An estimated 20,000 refugees have fled Boko Haram after two weeks of frequent attacks including a days-long massacre in Baga. Nigeria’s fragile neighbors, who have failed to quell the increasingly international Boko insurgency, now have a refugee crisis on their hands. Reuters reports:
“We are preparing for things getting much worse, not better,” said Karl Steinacker, UNHCR country representative in Niger, where around 150,000 people have taken shelter since the insurgency in Nigeria began five years ago.Steinacker told the Thomson Reuters Foundation a lack of jobs, high food prices and the sudden increase in population in Niger’s eastern Diffa area, the part most affected by the refugee influx, were putting pressure on scarce resources.“In Diffa, people can no longer cross into Nigeria for work as it’s too dangerous. But farmers in Niger are exporting to Nigeria where prices are higher due to the violence, so locals can’t afford to eat,” Steinacker said by telephone from Niamey.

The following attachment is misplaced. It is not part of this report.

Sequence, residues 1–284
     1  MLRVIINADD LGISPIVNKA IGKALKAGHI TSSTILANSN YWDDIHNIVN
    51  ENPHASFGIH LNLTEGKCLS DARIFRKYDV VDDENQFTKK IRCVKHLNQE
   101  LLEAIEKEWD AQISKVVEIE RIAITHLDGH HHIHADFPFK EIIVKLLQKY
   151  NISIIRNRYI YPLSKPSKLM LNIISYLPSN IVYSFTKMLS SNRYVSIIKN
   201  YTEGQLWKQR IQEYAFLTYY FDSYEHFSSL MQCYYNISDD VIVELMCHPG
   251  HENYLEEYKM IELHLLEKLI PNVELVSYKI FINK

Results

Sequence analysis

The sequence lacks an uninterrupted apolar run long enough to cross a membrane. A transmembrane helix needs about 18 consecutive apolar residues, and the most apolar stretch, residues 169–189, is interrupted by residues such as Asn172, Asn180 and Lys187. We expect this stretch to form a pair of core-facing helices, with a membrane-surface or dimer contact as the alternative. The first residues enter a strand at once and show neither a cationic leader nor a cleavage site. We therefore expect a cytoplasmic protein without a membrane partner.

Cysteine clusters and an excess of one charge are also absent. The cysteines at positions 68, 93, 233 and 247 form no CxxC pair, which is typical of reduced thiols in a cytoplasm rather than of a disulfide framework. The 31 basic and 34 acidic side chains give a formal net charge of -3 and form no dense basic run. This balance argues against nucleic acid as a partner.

West Africa’s refugee spillover mirrors events in Syria, where the country’s 3.2 million refugees threaten the political stability of Lebanon, Jordan, and Turkey. While fewer civilians have fled Boko Haram, drought conditions mean that the country’s neighbors have much more trouble feeding their own populations, let alone the waves of dispossessed who walk, ride, or swim from Nigeria daily.Even as Nigeria’s neighbors struggle to maintain their national borders, Boko Haram has moved freely across state lines. Recent attacks in Cameroon took advantage of the country’s inability to pursue its attackers across the border without Nigeria’s consent. Boko Haram’s depredations are likely to intensify in the weeks to come in an attempt to impede Nigeria’s national elections on February 14.